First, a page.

Journal Logo

You can read the full text of this article if you:

Ovid Member Institutional Access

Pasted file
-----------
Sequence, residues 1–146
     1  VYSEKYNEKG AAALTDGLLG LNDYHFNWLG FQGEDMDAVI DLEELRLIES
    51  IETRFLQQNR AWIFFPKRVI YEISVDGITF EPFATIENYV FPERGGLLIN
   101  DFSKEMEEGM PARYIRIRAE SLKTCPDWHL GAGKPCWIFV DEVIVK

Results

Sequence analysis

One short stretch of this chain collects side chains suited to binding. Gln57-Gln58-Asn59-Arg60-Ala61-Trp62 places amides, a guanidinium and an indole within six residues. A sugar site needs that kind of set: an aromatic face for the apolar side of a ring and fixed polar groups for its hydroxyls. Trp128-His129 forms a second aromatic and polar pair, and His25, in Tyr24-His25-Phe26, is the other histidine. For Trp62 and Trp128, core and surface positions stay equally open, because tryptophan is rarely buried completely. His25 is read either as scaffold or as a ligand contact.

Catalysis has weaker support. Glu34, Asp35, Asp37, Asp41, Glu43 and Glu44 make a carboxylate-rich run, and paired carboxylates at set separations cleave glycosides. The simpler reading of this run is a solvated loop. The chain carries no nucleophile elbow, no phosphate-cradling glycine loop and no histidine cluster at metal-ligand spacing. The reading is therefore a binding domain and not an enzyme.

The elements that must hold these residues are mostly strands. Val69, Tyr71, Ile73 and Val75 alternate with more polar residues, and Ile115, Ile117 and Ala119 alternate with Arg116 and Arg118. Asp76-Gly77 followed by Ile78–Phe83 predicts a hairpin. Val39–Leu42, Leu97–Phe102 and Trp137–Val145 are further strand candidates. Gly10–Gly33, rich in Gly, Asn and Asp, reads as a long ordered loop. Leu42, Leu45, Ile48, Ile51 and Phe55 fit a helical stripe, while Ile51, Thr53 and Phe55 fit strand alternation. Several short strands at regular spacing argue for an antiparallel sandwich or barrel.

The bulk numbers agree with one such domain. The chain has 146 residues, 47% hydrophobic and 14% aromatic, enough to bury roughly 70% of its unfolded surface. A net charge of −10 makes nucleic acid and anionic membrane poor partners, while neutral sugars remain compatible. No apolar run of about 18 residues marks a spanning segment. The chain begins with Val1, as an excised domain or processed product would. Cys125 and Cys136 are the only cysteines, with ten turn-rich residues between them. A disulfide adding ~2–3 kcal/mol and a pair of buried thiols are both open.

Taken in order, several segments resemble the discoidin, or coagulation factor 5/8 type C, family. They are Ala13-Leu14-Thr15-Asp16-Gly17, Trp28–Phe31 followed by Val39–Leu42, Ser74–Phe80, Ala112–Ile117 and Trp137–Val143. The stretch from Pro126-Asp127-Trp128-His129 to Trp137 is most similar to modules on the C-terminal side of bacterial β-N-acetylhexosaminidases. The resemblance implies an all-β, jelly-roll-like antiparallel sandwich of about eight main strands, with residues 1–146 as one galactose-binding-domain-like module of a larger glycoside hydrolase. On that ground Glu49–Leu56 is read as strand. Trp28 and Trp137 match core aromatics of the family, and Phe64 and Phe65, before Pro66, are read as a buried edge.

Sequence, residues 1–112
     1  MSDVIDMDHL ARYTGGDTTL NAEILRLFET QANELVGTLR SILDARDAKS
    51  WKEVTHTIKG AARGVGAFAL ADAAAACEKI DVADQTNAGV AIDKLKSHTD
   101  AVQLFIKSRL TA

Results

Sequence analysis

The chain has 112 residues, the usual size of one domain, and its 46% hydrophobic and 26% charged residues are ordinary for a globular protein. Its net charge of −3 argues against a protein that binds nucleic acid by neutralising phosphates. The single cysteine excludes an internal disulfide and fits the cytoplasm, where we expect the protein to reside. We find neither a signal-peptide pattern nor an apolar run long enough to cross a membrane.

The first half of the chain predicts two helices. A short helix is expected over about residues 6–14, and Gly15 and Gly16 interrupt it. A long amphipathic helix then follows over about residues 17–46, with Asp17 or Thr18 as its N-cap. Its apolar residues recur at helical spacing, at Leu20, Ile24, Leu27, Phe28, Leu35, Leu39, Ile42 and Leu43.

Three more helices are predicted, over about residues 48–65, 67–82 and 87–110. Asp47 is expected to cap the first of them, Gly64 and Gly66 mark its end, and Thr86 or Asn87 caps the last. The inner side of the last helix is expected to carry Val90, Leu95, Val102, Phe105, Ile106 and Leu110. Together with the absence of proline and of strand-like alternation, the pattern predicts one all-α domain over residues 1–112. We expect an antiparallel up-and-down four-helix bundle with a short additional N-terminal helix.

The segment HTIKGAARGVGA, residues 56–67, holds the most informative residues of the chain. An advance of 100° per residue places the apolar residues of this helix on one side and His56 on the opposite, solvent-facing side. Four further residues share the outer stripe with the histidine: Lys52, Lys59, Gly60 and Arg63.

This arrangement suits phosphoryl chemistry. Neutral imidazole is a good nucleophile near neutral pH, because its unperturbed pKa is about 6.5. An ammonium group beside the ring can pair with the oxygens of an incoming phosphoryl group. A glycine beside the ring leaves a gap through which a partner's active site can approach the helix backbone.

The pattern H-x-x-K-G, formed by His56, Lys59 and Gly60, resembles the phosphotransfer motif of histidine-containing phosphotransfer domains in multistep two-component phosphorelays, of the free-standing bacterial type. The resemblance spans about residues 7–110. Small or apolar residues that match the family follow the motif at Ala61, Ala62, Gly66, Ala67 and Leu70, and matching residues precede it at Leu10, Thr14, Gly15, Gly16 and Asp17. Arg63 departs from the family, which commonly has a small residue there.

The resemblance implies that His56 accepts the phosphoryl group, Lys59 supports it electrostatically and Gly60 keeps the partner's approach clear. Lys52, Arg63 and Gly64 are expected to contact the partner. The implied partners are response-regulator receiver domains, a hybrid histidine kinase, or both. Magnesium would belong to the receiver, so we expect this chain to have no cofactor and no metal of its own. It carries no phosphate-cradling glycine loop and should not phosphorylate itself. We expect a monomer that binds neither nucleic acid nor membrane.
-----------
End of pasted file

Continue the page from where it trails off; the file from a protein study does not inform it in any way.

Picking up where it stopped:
00019616-199601000-00003MiscellaneousThe EndocrinologistThe Endocrinologist© Lippincott-Raven Publishers.6January 1996 p 10–18Diagnosis and Treatment of Hypocalcemic EmergenciesHistorical Note: PDF OnlyTohme, Jack F. M.D.; Bilezikian, John P. M.D.Departments of Medicine (J.F.T., J.P.B.) and Pharmacology (J.P.B.), College of Physicians and Surgeons, Columbia University, New York, NY 10032.AbstractHypocalcemia, a rather common electrolyte abnormality, can constitute a medical emergency when signs and symptoms are present. Clinical manifestations of hypocalcemia are due both to the actual level of the serum calcium concentration and to the rate of its fall. Symptomatic hypocalcemia has a typical presentation of neuromuscular irritability known as tetany. The most serious manifestations of tetany are laryngospasm, seizures, and cardiac arrhythmias. Evaluation of the hypocalcemic patient requires consideration of both the emergent nature of the presentation as well as the differential diagnosis. The causes of hypocalcemia are generally divided into those etiologies associated with absent production of parathyroid hormone (the hypoparathyroid states) and those due to an abnormality of vitamin D metabolism. The vitamin D-deficient states are usually associated with secondary increases in parathyroid hormone, thus providing for a convenient laboratory distinction between these two main categories. Magnesium deficiency is a special cause of hypocalcemia due both to parathyroid hormone and vitamin D dysfunction. When patients have symptomatic hypocalcemia, treatment is indicated. Parenteral therapy with intravenous calcium gluconate can rapidly relieve symptoms and provide time for the underlying cause to be evaluated and treated definitively.Diagnosis and Treatment of Hypocalcemic EmergenciesTohme Jack F. M.D.; Bilezikian, John P. M.D.Historical Note: PDF OnlyHistorical Note: PDF Only16p 10-18